I love your advice on saving and giving. You two are so amazing and grounded. Kudos and great post!

    • chelsea

      July 10, 2013 at 1:39 pm

      thanks for being candid about how tricky money conversations can be, kim- i appreciate that. that’s too bad and he couldn’t see why your retirement accounts would be rolled into IRAs for your children (very kind of you) and then that you were willing to start a new 401k with him 🙁 good for you for turning it into a positive that finding out early that money things were an issue but that is still a bummer. you a smart woman that knows what’s best for you and your family 🙂

  4. Vivien

    July 9, 2013 at 4:07 pm

    I totally agree with Paula’s comments. You and Ryan seem to be writing (or have already written) the how-to guide to have a great and solid relationship! Also, I do kind of see the heart-shape waterfall.

    1) I don’t have a S.O. at this point in time, but when I do I would like to have that level of trust of “what’s mine is yours”, probably after sitting down and talking about all those points you’ve listed in your blog post 🙂 So I would like to share bank accounts with them.

    2) I can’t think of any recently, but in my prior relationships a “money conflict” revolved around what luxury expenses we felt were “worth it” to splurge on once in awhile. He couldn’t see why I thought a jaunt downtown to see a theatre production once in awhile was worth it, while I was hesitant when he suddenly suggested we both buy kayaks considering we had never ever gone kayaking together before.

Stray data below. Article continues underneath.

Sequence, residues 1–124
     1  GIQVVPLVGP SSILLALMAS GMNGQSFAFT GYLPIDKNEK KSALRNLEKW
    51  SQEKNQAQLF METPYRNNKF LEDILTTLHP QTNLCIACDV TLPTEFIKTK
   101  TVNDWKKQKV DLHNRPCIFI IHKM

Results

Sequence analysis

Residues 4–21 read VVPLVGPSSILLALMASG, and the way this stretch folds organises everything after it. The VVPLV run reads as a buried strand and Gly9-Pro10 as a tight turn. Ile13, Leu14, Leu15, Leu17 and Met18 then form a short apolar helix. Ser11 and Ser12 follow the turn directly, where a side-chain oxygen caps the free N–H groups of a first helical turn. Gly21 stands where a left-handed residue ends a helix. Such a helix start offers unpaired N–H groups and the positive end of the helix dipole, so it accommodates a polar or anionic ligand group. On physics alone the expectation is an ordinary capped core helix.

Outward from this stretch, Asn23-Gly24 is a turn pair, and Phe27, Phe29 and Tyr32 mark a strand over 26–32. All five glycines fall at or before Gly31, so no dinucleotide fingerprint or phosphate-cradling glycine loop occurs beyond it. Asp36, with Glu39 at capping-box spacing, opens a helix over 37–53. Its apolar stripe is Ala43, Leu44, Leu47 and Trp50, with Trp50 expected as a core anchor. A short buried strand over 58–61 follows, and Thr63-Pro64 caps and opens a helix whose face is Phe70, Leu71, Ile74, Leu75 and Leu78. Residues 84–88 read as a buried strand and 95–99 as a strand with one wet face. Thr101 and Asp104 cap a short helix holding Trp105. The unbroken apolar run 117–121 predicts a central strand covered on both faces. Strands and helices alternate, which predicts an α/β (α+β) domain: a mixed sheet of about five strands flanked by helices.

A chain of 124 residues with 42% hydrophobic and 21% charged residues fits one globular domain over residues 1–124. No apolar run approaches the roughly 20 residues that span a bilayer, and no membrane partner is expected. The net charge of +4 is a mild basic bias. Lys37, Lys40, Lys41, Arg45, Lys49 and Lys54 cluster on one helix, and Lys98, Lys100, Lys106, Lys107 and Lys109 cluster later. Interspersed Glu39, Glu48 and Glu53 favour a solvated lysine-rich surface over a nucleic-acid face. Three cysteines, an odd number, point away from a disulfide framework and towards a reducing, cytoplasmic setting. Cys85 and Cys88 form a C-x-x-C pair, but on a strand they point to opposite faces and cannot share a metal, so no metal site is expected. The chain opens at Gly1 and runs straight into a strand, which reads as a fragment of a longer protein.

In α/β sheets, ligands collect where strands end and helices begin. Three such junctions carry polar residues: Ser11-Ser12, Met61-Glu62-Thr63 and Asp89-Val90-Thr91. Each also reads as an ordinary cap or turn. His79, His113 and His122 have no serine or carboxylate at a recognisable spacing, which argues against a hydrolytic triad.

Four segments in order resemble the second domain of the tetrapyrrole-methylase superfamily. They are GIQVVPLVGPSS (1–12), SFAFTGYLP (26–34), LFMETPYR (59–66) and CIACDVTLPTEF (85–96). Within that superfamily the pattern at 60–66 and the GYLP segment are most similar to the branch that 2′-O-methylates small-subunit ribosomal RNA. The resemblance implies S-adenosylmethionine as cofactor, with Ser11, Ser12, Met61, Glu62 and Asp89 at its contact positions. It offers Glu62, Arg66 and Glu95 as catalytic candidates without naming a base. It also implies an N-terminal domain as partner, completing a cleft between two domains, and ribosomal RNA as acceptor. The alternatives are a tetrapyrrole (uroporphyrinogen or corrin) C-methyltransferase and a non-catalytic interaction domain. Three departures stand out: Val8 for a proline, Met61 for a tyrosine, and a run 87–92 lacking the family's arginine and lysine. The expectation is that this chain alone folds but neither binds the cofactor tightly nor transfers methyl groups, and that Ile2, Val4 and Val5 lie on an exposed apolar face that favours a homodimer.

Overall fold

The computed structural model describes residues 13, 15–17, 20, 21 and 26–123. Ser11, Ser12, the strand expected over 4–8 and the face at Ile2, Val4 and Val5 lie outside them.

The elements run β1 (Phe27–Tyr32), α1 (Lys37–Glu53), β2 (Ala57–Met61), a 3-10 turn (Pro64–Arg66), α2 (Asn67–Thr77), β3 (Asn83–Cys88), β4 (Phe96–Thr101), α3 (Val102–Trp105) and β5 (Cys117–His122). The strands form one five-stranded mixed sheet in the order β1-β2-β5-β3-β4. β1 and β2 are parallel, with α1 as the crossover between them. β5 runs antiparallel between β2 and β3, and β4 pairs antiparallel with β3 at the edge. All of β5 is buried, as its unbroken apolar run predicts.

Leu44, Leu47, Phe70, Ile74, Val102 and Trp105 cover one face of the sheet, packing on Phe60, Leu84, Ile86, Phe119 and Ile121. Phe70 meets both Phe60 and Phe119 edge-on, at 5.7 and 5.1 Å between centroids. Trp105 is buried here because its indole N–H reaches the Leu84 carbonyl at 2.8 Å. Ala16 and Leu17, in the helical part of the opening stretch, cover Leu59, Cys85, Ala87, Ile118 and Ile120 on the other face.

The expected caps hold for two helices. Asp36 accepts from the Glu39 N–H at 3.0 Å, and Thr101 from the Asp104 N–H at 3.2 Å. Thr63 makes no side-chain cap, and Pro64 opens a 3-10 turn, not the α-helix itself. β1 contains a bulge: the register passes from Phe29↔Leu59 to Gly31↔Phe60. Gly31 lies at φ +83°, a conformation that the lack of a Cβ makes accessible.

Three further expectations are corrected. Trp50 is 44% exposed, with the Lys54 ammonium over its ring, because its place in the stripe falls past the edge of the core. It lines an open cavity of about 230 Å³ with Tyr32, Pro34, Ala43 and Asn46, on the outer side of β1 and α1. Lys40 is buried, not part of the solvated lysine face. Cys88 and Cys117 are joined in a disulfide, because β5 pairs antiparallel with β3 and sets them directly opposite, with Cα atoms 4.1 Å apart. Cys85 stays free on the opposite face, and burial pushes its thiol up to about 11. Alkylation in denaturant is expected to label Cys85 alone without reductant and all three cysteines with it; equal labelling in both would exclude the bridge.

3) I never got an allowance, my mom did help me see how fast money could be spent (and how hard it is to earn) but having me sign up for a paper route. My parents also advised me to always keep a rainy-day fund for those unexpected expenses that come up (i.e. car suddenly needs repairs). They also advised me to ALWAYS pay off your monthly credit card balance in full, and the only debt you should ever carry in your lifetime is a mortgage.

    • chelsea

      July 10, 2013 at 3:06 pm

      thaaaaaank you vivien for “kind of seeing” the heart-shaped water and for your kind words. we have definitely learned about by trial and error and are both passionate about helping others work for a great relationship. i also reallllly appreciate you commenting even though you don’t have a current S.O. because i feel like i get a lot from your insight and comments too 🙂

      i know what you mean about trying to find that balance of the “luxury” items/events-we struggle with that sometimes too (and i have also had to talk ravery out of buying a kayak before even though we had only gone twice before. ha!). yeeeees i know what you mean about sudden car repairs and that’s great they gave you such positive advice on credit and the only debt being your house (i agree). thanks for your comment and hope you are having a great day!